Perched on the front porch of the historic post office in Harrisburg, James Russell pulls around a blue, tattered messenger bag, drawing out a large clipboard and a sketchpad.
He clips a sheet of paper to the board and slips on his glasses. With a few clicks of a mechanical pencil, he begins meticulously sketching the nose of a train with a delicate hand.
He pauses when he hears the rumblings of a train coming down the railroad tracks in front of him.
"It's a Norfolk Southern," he said before the train's whistle blew.
Many people passing by the old post office off Robinson Church Road know him as Bubba, but perhaps he's more even commonly known as simply the train man.
He's out there - rain or shine - about six days a week. When it rains, he shields his sketch pad by sitting on the post-office porch.
The 46-year-old, who has a developmental disability, has been drawing trains since December 1981, he said.
He knows because he's good with dates, he added.
He started out with cars but moved on to trains.
Every now and then he still draws cars, he said, holding up drawings of a 1974 Cadillac Coupe de Ville and a 1972 Chevrolet Corvette, each signed with his name in neat cursive with the date.
But trains are his passion.
It takes him a day to finish one of his drawings, or maybe two for the more detailed ones. In a year's time, he draws hundreds of trains.
"I got to practicing," he said. "They say practice makes perfect. It's got to where there ain't nothing to it."
He does his drawings by looking at pictures of trains in magazines and books. But when he wants to draw freight trains, he sits out by the tracks. He watches them go by and memorizes their shape and details. Then he starts drawing.
"I draw it the way I see it," he said.
Russell uses pencils and sometimes fills in his sketches with colored pencils. Smoke billows out of the top of his trains as they fly across a grassy scene with blue skies and a few puffy clouds.
"I don't know where in the world he learned it," said his mother, Margaret Russell. "I can't even draw a stick dog."
Sometimes Russell sells his drawings when the historic post office opens during the farmers market held on Monday evenings. The ones he doesn't sell he keeps in a book.
"He seems to enjoy it," his mother said. "It's all he ever does."
She never tires of the trains.
"As long as he's happy," she said.
Russell rides his scooter almost daily about two miles to the tracks by the post office.
He's had a scooter, which he drives to Concord Mills Mall to buy train magazines, for about 10 years now. Before the scooter, he rode his bicycle as far as to Eastland Mall in Charlotte - more than 10 miles - to buy them.
Russell rode on a train once several years ago from Charlotte to Kannapolis, but he's content to just watch them pass by.
He knows the trains' schedules. He knows an Amtrak train will fly by around 7:50 a.m., and a Piedmont usually comes just before 10 a.m.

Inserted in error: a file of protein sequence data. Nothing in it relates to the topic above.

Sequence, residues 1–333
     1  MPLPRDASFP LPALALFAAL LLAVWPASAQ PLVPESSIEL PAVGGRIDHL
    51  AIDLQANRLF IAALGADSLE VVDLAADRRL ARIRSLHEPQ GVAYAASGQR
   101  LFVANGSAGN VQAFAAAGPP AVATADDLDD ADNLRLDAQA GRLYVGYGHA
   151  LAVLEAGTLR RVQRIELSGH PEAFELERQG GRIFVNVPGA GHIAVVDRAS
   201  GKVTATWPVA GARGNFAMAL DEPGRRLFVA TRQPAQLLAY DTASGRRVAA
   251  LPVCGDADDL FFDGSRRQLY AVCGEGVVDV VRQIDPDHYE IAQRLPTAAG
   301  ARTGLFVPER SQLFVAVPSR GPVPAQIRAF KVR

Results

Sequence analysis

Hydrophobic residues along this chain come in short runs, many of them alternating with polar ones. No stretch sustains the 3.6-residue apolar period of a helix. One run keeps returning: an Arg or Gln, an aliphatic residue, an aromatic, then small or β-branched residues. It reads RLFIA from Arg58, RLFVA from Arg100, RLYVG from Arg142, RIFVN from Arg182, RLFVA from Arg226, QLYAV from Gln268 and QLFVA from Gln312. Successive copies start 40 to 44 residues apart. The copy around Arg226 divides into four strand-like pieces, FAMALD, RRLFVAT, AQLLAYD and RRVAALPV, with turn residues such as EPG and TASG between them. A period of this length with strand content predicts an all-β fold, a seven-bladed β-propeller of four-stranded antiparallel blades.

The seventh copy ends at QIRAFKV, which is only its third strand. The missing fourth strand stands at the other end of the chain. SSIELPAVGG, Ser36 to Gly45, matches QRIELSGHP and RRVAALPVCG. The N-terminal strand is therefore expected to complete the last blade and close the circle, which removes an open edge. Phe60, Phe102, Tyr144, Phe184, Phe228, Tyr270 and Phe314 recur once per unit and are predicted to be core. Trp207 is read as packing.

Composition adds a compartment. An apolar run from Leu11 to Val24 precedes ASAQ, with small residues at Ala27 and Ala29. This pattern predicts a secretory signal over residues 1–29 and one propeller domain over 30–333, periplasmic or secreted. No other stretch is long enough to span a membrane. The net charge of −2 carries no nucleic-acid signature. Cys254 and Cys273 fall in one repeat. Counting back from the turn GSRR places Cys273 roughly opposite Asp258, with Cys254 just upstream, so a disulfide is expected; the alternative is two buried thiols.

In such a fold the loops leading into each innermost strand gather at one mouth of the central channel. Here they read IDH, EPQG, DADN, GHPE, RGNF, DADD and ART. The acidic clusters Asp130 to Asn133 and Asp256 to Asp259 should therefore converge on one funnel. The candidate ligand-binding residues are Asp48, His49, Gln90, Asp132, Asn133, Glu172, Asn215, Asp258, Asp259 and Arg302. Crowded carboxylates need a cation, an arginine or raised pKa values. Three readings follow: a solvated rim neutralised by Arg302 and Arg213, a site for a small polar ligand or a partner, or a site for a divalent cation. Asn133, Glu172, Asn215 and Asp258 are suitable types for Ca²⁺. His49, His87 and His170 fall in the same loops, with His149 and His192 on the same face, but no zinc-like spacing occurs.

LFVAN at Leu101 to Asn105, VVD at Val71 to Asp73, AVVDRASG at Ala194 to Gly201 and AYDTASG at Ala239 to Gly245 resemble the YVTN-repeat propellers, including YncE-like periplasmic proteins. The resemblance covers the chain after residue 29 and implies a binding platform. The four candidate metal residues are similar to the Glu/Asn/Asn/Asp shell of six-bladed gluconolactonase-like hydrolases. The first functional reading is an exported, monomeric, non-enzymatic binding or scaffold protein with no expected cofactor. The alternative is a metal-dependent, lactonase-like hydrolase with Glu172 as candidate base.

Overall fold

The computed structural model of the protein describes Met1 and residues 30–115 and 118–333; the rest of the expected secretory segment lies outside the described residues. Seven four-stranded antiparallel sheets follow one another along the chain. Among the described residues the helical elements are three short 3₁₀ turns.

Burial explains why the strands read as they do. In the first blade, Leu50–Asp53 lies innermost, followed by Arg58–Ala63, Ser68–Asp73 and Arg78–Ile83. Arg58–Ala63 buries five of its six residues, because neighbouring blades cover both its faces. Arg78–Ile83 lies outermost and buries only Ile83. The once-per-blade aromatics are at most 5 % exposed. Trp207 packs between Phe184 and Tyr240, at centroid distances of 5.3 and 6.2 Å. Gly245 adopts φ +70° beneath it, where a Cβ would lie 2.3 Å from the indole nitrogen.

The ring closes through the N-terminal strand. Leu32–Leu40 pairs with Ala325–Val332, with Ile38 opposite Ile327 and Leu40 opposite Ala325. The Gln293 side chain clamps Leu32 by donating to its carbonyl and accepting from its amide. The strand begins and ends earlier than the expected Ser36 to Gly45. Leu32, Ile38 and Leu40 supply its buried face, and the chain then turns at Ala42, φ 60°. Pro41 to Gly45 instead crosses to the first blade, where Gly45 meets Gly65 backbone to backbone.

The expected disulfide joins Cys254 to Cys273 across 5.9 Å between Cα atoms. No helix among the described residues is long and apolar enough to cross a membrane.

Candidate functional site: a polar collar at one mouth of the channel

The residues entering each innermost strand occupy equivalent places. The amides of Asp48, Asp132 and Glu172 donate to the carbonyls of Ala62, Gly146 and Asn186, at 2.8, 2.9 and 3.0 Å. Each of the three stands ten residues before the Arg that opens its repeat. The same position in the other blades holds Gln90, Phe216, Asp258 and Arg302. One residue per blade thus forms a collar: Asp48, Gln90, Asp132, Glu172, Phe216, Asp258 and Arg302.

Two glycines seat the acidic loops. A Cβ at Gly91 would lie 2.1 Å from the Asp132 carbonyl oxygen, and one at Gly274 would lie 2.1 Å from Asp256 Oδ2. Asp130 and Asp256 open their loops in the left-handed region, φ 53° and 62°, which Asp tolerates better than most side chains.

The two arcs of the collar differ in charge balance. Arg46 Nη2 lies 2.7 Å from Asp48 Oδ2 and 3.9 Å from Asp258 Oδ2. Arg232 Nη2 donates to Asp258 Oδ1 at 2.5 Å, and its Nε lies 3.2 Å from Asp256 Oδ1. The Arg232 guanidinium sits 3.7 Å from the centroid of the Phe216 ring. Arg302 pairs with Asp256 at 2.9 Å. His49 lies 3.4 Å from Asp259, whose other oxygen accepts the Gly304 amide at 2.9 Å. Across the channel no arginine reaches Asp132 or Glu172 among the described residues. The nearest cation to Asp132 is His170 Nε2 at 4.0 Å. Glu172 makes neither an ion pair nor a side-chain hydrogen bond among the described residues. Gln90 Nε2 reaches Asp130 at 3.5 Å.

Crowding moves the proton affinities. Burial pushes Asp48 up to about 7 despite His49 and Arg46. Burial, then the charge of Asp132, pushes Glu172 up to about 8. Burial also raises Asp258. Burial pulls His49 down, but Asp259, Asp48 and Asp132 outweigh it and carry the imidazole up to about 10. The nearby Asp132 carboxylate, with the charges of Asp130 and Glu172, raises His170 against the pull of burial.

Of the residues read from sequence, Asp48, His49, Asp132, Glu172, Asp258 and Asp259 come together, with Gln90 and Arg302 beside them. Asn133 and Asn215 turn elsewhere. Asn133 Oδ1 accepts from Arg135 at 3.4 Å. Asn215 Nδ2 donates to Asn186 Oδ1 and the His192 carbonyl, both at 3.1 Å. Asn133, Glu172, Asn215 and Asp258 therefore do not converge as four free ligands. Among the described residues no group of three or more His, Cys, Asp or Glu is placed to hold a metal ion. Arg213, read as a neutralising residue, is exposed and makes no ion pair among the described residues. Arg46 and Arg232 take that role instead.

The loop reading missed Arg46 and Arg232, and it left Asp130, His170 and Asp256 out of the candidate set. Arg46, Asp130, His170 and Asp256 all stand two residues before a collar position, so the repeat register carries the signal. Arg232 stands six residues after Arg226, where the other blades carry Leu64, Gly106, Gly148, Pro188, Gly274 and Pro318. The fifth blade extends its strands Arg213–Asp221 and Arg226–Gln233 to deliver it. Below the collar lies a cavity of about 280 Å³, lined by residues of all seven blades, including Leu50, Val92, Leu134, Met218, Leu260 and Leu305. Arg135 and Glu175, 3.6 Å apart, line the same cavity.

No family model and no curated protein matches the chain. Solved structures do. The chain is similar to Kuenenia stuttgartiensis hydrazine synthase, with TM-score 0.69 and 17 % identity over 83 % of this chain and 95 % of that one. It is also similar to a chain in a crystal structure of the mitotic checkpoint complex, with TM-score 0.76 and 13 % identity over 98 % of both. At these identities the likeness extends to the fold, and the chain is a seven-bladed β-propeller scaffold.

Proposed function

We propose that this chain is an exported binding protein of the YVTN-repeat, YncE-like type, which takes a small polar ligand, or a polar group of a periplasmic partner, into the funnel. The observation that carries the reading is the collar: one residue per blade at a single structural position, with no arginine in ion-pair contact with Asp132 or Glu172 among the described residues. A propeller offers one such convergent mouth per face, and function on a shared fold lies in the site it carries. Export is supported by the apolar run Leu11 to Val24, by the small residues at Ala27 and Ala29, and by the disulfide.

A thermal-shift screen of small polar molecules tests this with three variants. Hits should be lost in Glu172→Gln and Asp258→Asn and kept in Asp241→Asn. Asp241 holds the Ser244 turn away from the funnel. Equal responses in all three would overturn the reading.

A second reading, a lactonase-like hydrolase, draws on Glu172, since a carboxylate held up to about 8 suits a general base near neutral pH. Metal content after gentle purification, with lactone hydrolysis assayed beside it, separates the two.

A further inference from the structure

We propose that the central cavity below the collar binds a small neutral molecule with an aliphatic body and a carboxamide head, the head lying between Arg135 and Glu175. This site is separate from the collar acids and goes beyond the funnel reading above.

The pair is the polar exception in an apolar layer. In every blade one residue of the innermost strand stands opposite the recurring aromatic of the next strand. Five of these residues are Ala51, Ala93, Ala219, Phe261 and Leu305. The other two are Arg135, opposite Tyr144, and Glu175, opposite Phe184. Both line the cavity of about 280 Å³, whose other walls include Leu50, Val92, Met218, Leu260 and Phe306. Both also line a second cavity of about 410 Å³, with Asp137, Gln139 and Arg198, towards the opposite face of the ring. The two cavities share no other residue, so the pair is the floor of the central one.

"I know an Amtrak when I hear it," he said. "I know the sound of a Piedmont, too."
Russell often stays out at the tracks until dark, working on his drawings. He sees about 16 passing trains a day, he said.
"What really gets me is how teenagers draw graffiti on these trains," he said, looking up from his work. "I don't draw graffiti on my trains. I could draw it for detail, but I don't draw graffiti on my trains."
Within a couple of hours of sitting out at the tracks one day last week, several people stopped below the porch, saying hello to Russell or asking about the post office or the farmers market.
"See you later, Bubba," one man called out from his car as he left.
Russell doesn't even know the man. He doesn't know a lot of the people who seem to know him.
"Ain't that just messed up," he said, shaking his head as he got back to work.
A woman pulled up next.
"Can you come do my yard later when it's not so hot?" she said.
Yes, he nodded. Russell isn't a full-time artist.
After he graduated from Central Cabarrus High School in 1982, he worked at Harrisburg Elementary School as a janitor. Now he sometimes does yardwork for people to earn money.
Brandon Grant of Mint Hill stopped and hung out of his truck's window to catch up with Russell. He had been passing through the area when he saw Russell's scooter sitting out by the tracks. Grant attended Harrisburg Elementary in the early 1980s when Russell worked there. They hadn't seen each other in years.
They reminisced about how Russell used to ride his bike to Grant's neighborhood, Cabarrus Woods, to play basketball. And when Grant's mother died, Russell drew him a picture of a Pontiac Firebird, the car his mother drove.
"You still drawing trains?" asked Grant. "You sure know your trains."
The conversation came to a halt as another train passed by, its whistle shrieking as Russell eyed each passing car.
When it was gone, the friends laughed about basketball games and neighborhood bullies.
"I can't believe you remember that," said Grant after Russell easily recalled the name of a kid who picked fights in the neighborhood.
"I may be half slow-like, but I've got a good memory," he told Grant.
Grant parted with a handshake and a promise to come back and visit, leaving Russell to his work.
Now in silence again, Russell picked up where he left off.
"Coming along just fine," he said.